A Rogue Librarian's Reading List











{April 19, 2013}   When We Wake by Karen Healey

when we wakePlot: In 2027 Tegan Oglietti was 17 years old, in love and protesting for a better future. Then she was killed by a bullet intended for the Prime Minister. She awakens nearly 100 years later in a military facility. Everyone she has ever known and loved is dead and the future is a far different place. Some things have improved but she is disappointed to discover that prejudice, injustice and environmental disasters persist. And she quickly begins to suspect that the military’s reasons for reviving her may not be as innocent and altruistic as they claim. This story is her account of what really happened to her and what she discovered.

I’m a huge Karen Healey fan. She writes fascinating, complex and diverse YA fiction that really speaks to me. You can read my ravings about Guardian of the Dead and The Shattering. So naturally, I was very excited about her new novel and I started it as soon as I could get my hands on it. It’s the first book in the last two months that I read in a day.

When We Wake is quite different than Healey’s two first books. For one it is science fiction, not fantasy. While this allows her to explore some fascinating issues and technology, I do miss the mythology that infuses her other books. But it’s not fair to compare it to something that it’s not; it accomplishes its own goals quite well. Healey constructs a believable future with its own problems, social and environmental, and with characters that are the product of this environment. It also poses a difficult moral questions: what sacrifices are acceptable in order to preserve the human race? what does the revival of the dead imply about the immortal soul?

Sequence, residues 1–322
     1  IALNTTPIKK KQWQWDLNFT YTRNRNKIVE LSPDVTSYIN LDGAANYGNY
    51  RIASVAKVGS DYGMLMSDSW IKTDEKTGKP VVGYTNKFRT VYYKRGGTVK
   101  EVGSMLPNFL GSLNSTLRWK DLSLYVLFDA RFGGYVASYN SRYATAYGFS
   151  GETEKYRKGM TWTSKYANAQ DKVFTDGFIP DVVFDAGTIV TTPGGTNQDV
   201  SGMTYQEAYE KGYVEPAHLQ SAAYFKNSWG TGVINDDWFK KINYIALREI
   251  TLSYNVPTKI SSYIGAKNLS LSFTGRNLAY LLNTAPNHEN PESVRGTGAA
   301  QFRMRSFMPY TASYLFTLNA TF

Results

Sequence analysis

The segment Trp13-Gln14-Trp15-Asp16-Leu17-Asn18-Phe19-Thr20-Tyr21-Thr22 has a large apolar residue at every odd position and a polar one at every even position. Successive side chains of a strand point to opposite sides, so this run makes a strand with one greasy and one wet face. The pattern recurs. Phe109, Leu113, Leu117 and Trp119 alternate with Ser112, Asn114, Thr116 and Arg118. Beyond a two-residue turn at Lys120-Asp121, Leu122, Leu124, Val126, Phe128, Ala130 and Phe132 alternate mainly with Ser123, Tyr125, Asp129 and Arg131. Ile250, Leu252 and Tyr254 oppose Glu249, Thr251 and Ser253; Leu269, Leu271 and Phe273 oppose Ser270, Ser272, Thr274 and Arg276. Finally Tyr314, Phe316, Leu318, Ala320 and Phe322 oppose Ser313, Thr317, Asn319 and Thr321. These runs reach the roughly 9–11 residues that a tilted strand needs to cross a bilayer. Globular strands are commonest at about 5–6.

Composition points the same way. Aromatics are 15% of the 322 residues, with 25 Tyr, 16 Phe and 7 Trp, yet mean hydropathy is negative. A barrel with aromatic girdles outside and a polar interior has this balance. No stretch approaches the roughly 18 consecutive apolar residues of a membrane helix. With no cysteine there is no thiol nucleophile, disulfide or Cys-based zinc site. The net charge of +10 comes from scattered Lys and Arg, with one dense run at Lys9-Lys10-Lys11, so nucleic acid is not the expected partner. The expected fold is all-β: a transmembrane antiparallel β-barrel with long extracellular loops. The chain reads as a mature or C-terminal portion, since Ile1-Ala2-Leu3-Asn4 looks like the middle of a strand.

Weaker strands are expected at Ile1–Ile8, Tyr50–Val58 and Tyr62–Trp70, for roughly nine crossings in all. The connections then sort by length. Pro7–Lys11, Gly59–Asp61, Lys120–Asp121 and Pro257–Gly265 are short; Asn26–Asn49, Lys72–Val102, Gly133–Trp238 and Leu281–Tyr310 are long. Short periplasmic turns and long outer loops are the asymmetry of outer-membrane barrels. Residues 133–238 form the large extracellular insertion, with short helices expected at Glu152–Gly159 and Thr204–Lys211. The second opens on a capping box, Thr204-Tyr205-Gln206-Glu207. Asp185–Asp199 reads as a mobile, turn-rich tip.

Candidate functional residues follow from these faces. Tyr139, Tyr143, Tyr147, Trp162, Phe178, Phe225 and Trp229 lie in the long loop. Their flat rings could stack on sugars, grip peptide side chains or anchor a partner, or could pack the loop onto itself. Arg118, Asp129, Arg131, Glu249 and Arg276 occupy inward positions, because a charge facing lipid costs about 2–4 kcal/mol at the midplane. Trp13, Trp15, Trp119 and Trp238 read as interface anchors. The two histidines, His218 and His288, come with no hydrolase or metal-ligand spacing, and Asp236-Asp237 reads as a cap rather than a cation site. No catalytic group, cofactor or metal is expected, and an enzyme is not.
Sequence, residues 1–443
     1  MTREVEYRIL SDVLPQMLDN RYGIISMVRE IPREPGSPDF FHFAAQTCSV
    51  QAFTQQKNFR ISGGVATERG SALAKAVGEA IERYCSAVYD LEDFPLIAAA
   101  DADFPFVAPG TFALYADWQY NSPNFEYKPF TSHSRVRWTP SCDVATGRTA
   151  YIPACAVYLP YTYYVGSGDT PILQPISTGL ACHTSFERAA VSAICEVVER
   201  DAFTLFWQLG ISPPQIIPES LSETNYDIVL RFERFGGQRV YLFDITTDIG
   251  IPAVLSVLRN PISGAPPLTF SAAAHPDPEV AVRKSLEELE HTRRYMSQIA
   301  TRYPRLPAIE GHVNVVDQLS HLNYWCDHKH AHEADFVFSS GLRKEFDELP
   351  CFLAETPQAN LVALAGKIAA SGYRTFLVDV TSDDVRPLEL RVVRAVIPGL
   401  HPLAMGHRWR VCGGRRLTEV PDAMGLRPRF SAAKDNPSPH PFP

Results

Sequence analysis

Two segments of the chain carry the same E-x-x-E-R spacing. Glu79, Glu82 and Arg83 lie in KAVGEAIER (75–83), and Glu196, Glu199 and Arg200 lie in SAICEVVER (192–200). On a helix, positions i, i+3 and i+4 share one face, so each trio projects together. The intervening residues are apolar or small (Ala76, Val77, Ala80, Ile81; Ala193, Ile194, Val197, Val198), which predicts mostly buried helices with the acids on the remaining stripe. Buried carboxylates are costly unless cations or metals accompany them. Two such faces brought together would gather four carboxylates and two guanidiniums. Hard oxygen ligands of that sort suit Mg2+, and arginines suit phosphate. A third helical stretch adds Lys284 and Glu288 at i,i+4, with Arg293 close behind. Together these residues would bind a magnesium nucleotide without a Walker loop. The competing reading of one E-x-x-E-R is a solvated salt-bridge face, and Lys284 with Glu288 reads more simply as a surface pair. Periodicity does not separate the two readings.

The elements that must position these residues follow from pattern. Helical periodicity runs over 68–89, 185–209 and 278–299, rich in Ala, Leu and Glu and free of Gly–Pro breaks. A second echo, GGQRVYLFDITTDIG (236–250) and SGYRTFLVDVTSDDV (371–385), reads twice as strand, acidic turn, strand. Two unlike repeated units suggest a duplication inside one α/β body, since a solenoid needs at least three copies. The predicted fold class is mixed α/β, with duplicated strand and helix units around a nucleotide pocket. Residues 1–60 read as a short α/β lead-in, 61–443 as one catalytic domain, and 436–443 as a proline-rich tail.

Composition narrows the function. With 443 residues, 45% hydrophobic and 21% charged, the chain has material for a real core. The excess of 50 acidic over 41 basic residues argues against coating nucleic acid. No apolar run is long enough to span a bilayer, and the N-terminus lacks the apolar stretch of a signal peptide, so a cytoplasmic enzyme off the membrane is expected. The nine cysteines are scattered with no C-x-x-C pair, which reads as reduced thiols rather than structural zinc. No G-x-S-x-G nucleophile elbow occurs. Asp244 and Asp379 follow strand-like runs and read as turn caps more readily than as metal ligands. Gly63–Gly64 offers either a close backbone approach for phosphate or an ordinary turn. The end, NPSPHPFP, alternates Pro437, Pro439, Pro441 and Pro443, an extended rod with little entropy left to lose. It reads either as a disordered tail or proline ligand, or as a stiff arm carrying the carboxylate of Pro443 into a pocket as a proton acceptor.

Tegan is an interesting character. She is not exceptional at anything (though she has a passion for music, the Beatles in particular, and urban exploring) but that doesn’t make her a poor hero, if anything it makes her a better one. One quote captures it perfectly: “Talent is great but persistence is totally underrated.” p 49. But what really pleases the academic in me is that her narrative is essentially a performance: she is telling the world her story, to win them over. Every time she says that she is going to tell the whole truth this time, doubts rose up within me. I like Tegan, but is her story really the truth? We’ll never know for sure. And she is not the only interesting one. As usual, Healey creates a racially, sexually and religiously diverse cast: there are muslims, christians, heterosexual, homosexual and transsexual characters from a variety of backgrounds. They have dreams, motivations and problems that sometimes mesh with Tegan’s and some times really don’t. I could list what I loved about each of them but that would take me all day.

But it is an idea novel. It didn’t work for me as a thriller; I was never biting my nails or truly concerned for Tegan’s safety. This is not necessarily a problem, there was more than enough to hold my interest in the characters, technologies and social issues. I was engaged throughout, I simply wasn’t afraid. My other mild dissatisfaction comes from the ending. Nothing is truly resolved at the end: we do not know the ultimate fate of Tegan and her friends and we do not know if her recording has the intended effect. And this is not because there will be a sequel. The ending is purposefully open, I assume to make us think. But I still would have liked a little closure.

For another interesting cryo-stasis story, check out A Long Long Sleep by Anna Sheehan.

2013 (#23)

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